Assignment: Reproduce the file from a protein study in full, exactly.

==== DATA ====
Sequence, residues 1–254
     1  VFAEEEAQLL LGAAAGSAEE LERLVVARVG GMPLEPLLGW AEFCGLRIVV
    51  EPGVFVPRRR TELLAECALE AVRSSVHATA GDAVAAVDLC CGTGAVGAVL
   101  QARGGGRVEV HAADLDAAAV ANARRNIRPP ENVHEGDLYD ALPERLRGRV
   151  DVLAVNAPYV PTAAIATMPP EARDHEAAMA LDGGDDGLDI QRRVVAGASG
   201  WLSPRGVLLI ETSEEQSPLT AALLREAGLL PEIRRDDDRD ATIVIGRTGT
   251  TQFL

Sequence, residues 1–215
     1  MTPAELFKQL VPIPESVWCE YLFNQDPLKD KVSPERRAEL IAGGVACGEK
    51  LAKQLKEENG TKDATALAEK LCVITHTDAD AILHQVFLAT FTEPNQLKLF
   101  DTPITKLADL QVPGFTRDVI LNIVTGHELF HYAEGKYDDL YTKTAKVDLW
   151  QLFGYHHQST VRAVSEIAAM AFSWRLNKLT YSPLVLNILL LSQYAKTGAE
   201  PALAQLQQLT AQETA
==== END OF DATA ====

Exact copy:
Sequence, residues 1–254
     1  VFAEEEAQLL LGAAAGSAEE LERLVVARVG GMPLEPLLGW AEFCGLRIVV
    51  EPGVFVPRRR TELLAECALE AVRSSVHATA GDAVAAVDLC CGTGAVGAVL
   101  QARGGGRVEV HAADLDAAAV ANARRNIRPP ENVHEGDLYD ALPERLRGRV
   151  DVLAVNAPYV PTAAIATMPP EARDHEAAMA LDGGDDGLDI QRRVVAGASG
   201  WLSPRGVLLI ETSEEQSPLT AALLREAGLL PEIRRDDDRD ATIVIGRTGT
   251  TQFL

Sequence, residues 1–215
     1  MTPAELFKQL VPIPESVWCE YLFNQDPLKD KVSPERRAEL IAGGVACGEK
    51  LAKQLKEENG TKDATALAEK LCVITHTDAD AILHQVFLAT FTEPNQLKLF
   101  DTPITKLADL QVPGFTRDVI LNIVTGHELF HYAEGKYDDL YTKTAKVDLW
   151  QLFGYHHQST VRAVSEIAAM AFSWRLNKLT YSPLVLNILL LSQYAKTGAE
   201  PALAQLQQLT AQETA